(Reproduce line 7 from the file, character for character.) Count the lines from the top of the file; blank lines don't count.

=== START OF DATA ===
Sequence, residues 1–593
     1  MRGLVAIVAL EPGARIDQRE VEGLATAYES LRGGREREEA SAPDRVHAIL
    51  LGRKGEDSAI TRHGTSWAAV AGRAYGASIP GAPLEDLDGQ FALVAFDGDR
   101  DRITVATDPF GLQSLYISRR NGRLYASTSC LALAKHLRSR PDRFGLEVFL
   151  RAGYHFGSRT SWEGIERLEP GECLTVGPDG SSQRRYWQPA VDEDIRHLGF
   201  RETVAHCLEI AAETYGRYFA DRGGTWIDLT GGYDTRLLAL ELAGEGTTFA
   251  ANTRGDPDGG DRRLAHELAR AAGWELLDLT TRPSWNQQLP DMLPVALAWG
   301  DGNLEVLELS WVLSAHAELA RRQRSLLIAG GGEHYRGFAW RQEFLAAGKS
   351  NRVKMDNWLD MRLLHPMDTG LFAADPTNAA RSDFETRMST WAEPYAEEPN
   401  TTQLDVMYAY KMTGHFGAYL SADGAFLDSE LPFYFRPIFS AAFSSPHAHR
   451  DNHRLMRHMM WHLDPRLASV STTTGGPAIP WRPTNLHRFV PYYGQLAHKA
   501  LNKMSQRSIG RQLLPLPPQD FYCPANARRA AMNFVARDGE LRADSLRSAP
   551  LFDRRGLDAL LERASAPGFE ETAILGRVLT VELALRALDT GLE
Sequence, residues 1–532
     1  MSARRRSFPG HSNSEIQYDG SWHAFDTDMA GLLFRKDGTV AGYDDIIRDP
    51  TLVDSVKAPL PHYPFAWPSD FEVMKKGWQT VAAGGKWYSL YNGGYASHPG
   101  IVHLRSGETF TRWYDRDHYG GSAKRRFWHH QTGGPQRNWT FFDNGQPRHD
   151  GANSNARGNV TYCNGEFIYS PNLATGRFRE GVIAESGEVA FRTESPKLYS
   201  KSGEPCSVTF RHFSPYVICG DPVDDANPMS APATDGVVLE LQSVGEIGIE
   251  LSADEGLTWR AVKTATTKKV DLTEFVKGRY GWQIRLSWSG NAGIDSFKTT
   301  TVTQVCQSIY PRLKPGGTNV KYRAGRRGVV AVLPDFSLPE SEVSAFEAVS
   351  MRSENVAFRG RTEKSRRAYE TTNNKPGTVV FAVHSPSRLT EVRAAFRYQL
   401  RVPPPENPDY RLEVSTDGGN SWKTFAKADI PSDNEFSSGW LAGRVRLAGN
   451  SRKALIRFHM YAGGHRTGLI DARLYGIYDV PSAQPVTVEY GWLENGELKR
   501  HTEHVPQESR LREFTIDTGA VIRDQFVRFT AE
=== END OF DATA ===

   251  ANTRGDPDGG DRRLAHELAR AAGWELLDLT TRPSWNQQLP DMLPVALAWG